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The Weekend Australian - - FRONT PAGE - WILL SWANTON

Don Brad­man at Lord’s in 1930. The col­lar is high. The baggy green cap is in place. The sleeves of his shirt are rolled to the fore­arms as if he knows there’s work to be done. He’s clean-shaven. There’s a spring in his step.

What a sprightly young fel­low he is. As­tute. Pa­tient. In­tel­li­gent. It’s a won­der he hasn’t tucked a pen and note­book into his top pocket.

He makes 254. De­cent knock. The face of his bat has more than a few cher­ries on it. The mid­dle has be­gun to cave in. So of­ten has he found the sweet spot that the wil­low has splin­tered and cracked. The dent in the dead cen­tre of his blade re­sem­bles a crater. Bat any longer and it may have formed a hole.

As time goes on, Brad­man will re­gard this knock as the great­est of his life. In his au­to­bi­og­ra­phy, Farewell To Cricket, he writes of it: “Prac­ti­cally with­out ex­cep­tion, ev­ery ball went where it was in­tended.”

Two things here. Brad­man has not rated his most nu­mer­i­cally suc­cess­ful Test in­nings, his 334 at Leeds, as his great­est per­for­mance. That’s in­ter­est­ing when it comes to the GOAT de­bate. Win­ning streaks and dom­i­nance and whop­ping big num­bers are only part of it. Great­ness goes above and be­yond all that. It needs magic. It needs mag­netism. It needs feel­ing. It needs to be nearly too good to be true, mo­ments of ab­so­lute per­fec­tion.

If the Great­est Of All Time is con­cerned only with runs ac­cu­mu­lated or tro­phies piled up in the pool room or vic­tory se­quences, you’ll give it to Pak­istan squash player Ja­hangir Khan. Five-hun­dred-and-fifty-five wins on the trot.

The most suc­cess­ful are not nec­es­sar­ily the great­est. In sport, in art, in life, ge­niuses fail. They have days when they should have stayed in bed. Matches when they can barely put one foot in front of the other. At their best, they el­e­vate them­selves, and ev­ery­one watch­ing, to a higher place. But they can be or­di­nary, too. See Muham­mad Ali los­ing to Chuck Werner, the fail­ure that has in­spired the Rocky Bal­boa movies. (Apollo Creed is Ali. Bal­boa is Werner.) See Brad­man nick­ing one on to off stump from Eric Hol­lies for a duck that has been too ugly and un­timely to be be­lieved or con­ceived. Brad­man has grinned and said of it: “Fancy do­ing a thing like that.”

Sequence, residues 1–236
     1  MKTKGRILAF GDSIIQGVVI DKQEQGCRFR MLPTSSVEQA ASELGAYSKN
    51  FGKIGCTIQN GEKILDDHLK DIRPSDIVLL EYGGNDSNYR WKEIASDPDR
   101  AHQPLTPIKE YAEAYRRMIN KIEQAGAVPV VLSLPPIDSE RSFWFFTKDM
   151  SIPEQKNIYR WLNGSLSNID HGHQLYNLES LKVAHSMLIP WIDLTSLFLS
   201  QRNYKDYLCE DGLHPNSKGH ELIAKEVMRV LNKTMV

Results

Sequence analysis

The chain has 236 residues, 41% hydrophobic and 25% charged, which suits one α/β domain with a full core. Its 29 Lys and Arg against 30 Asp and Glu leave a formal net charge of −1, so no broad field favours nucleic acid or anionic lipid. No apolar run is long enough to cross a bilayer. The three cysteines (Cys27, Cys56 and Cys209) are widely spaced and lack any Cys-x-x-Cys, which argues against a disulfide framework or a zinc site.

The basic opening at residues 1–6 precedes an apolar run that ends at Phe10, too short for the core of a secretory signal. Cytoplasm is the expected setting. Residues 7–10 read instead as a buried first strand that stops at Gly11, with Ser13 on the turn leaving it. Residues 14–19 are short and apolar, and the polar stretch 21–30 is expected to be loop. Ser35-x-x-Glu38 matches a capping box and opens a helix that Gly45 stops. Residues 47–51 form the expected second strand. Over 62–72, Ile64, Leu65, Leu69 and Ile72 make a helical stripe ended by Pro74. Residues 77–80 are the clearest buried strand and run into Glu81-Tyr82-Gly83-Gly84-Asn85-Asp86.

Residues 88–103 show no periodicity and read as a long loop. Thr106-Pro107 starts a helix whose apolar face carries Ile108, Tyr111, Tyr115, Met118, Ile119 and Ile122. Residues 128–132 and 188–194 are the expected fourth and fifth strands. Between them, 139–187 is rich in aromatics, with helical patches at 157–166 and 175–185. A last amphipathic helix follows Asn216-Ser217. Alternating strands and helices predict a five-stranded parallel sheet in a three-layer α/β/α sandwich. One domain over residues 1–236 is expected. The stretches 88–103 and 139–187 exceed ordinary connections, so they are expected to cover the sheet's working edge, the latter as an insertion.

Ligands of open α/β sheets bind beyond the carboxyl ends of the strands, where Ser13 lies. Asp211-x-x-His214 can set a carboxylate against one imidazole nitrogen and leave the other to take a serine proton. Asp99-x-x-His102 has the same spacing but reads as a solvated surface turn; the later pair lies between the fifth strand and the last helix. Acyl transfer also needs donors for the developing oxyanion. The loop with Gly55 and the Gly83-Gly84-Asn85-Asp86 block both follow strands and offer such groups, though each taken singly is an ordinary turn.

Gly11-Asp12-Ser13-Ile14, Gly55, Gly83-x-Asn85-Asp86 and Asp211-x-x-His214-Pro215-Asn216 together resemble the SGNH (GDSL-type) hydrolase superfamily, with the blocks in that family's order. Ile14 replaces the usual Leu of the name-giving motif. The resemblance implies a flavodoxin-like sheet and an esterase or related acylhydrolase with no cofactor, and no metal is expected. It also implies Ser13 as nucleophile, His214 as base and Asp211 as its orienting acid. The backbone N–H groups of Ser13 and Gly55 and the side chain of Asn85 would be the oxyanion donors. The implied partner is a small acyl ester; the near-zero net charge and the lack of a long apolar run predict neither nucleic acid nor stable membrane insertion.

Our poll on the peo­ple’s GOAT has been wildly en­joy­able. I’ve pored through hours of footage. The ro­man­tic old black-and-white stuff and the blind­ingly colour­ful clips of the mod­ern era, be­fore set­tling on my own vote. I have read a thou­sand mes­sages. I have scrolled through emails and tweets and texts and fallen in love with Babe Didrik­son Za­harias, the Amer­i­can track-and-field Olympic gold medal­list, turned golfer, who has sounded to me like Ja­nis Jo­plin with a three-iron.

More than 6000 votes have pro­duced a clear-cut top four: Brad­man, Michael Jor­dan, Roger Fed­erer, Ali. In an ex­er­cise de­signed to cre­ate ar­gu­ment, who can ar­gue with that? The beauty of the ex­er­cise is that there’s no right or wrong. The frus­tra­tion of the GOAT de­bate, too, is that there’s no right or wrong. When will we know, for sure and cer­tain, the iden­tity of the GOAT? We will never know, for sure and cer­tain, the iden­tity of the GOAT. How in­fu­ri­at­ing! How won­der­ful.

Notes from the Brad­man footage. The bal­letic foot­work. The poise. The pow­ers of con­cen­tra­tion. The pa­tience. The metic­u­lous­ness. The at­ten­tion to de­tail. The ruth­less­ness. The com­po­sure. The tenac­ity. Those pitches have looked bloody treach­er­ous. No cov­ers back then. He’s needed a shovel and spade to ad­e­quately flat­ten the last Lord’s track he has stepped on. Grand­stands have filled when he’s bat­ting. They have emp­tied when he’s dis­missed. A true na­tional hero. The song. Our Don Brad­man!

Now we ask you, was he any good? All those head­lines. The morn­ing edi­tion of the Daily Press: Brad­man Ver­sus Eng­land. The evening edi­tion of The Star: HE’S OUT. The kid with golf ball and wa­ter tank and stump down at Bowral. From there to here. The Test av­er­age of 99.94. His gen­tle­manly de­par­ture at The Oval, tuck­ing his bat un­der his arm and tod­dling off. Brad­man has at­tracted 33 per cent of the vote for the peo­ple’s GOAT. Cer­tain ath­letes, and their ac­com­plish­ments, will never die.

My vote? Ali. I’ve whit­tled it down to the same top four. I’ve thought, if they’re all in town tonight, if there’s a sched­ul­ing bun­gle and they’re all on at the same time, which ticket will I buy? Fed­erer ver­sus Rafael Nadal in the 2008 Wim­ble­don fi­nal? (Which he lost, by the way, but has still dripped with great­ness). Or, Jor­dan and the Bulls in game seven of the 1998 NBA fi­nals? Or, the MCG for Brad­man’s 270 against Eng­land in 1937? Or, Ali ver­sus Joe Fra­zier in 1975. The Thrilla in Manila. A ri­valry and blood feud so in­tense and spite­ful that Fra­zier has lit­er­ally taken it to his grave. I’ve picked the Ali fight.